Masks are powerful GIMP tools, and it would be quite difficult to do
many things without them. What are masks? They are selections!
Actually, they are grayscale images that represent selections.
In masks, the white regions represent selected pixels, the black
regions unselected pixels, and the gray regions partially selected
You may be asking, ``Why do we need another way of representing a
selection? Weren't the selection tools presented in
3 good enough?'' The selection tools are
good, but masks provide a whole new set of options for creating and
editing selections. This chapter demonstrates how the GIMP's painting
tools, gradients, and filters can be used with masks to get selection
results that would be impossible with the selection tools alone.
Masks are complementary to the selection tools, and this chapter shows
how the two can be used together to produce the most effective
In addition to the new capabilities for editing and creating
selections that masks provide, they also have another very useful
feature. A mask can be stored and used more than once. Selections
created with the selection tools are more ephemeral. When created,
they exist only until another selection is made or until they are
canceled. Moreover, while a selection is present in the image window,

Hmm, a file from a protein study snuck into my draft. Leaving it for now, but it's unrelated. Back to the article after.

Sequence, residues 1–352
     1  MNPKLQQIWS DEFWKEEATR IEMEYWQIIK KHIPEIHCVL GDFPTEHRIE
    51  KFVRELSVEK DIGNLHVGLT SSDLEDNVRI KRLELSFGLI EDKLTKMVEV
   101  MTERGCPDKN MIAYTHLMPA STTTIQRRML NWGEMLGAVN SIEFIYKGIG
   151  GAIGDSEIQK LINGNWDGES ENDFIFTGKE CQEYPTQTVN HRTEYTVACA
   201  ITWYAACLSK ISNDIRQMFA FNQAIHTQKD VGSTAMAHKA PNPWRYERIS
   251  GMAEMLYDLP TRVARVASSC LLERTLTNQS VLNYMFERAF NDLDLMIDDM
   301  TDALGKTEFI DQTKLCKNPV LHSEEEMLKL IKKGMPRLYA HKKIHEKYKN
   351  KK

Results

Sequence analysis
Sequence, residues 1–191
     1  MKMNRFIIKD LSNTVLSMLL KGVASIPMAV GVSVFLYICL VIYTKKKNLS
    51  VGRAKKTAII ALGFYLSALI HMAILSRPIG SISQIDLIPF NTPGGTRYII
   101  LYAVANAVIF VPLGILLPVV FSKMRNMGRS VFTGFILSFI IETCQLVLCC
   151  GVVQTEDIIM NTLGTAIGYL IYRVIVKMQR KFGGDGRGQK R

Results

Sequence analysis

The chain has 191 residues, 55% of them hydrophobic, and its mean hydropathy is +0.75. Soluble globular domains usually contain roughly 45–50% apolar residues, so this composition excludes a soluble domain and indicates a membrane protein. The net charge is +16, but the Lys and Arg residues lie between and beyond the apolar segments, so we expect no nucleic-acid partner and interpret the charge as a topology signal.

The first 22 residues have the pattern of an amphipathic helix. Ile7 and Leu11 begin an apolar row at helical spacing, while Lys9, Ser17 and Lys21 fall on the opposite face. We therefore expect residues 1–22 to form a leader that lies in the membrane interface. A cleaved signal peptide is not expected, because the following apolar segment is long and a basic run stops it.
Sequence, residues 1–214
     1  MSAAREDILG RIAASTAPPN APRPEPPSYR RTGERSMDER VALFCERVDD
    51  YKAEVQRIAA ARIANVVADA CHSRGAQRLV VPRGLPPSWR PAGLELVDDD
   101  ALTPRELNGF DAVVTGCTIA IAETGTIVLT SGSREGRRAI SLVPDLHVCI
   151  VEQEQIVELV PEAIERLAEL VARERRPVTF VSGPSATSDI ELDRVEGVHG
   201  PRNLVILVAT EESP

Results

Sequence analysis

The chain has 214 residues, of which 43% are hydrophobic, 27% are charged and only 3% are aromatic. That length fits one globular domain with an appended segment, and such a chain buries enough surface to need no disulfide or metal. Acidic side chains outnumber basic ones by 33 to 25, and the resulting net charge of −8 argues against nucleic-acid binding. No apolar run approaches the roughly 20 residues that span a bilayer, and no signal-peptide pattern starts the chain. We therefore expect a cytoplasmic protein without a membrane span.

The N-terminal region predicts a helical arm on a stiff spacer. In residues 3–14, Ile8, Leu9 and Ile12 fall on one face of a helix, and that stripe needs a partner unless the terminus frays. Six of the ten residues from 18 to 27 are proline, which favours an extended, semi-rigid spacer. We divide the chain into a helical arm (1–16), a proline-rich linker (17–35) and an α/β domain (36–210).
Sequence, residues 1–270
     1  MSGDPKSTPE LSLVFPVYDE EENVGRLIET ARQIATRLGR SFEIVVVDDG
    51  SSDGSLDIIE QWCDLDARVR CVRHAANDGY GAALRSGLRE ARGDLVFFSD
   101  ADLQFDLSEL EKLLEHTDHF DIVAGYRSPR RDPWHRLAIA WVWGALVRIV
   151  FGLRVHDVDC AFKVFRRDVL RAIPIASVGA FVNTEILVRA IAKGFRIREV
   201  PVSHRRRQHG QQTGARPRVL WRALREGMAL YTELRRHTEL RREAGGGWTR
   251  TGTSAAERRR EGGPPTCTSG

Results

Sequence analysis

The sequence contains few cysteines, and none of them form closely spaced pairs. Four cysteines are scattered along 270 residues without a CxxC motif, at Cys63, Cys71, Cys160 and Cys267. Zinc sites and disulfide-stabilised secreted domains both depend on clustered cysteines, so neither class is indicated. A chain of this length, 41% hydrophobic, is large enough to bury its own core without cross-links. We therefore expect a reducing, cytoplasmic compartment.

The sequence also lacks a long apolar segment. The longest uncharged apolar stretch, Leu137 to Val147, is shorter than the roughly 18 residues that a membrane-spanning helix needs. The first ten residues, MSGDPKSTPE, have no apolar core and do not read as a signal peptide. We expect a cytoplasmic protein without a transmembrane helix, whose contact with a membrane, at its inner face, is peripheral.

it only allows operations to be applied to the pixels in the selected
region. This means that active selections can impede the work flow
because pixels outside the selected region cannot be processed. Thus,
there is a need for selections that can be stored and reused. Masks
provide this capability, and, as will be seen shortly, it is easy to
convert selections to masks and vice versa.
There are two types of masks in the GIMP: channel masks and layer
masks. A channel mask is an independent entity and can be applied to
any image layer. Alternatively, a layer mask is associated with a
single layer, on which it is totally dependent. Every layer in an
image can have a layer mask, but each layer mask is specific to its
own layer. In addition, the layer mask is directly linked to its
layer's alpha channel. As was discussed in
2.2, the alpha channel controls the
opacity of the layer. As will be developed more in this chapter, the
alpha channel is just a special mask and, as a mask, it is just a
special type of selection.
Selections, channel masks, layer masks, and alpha channels. They are
the same, they are different, and it is all explained in this chapter.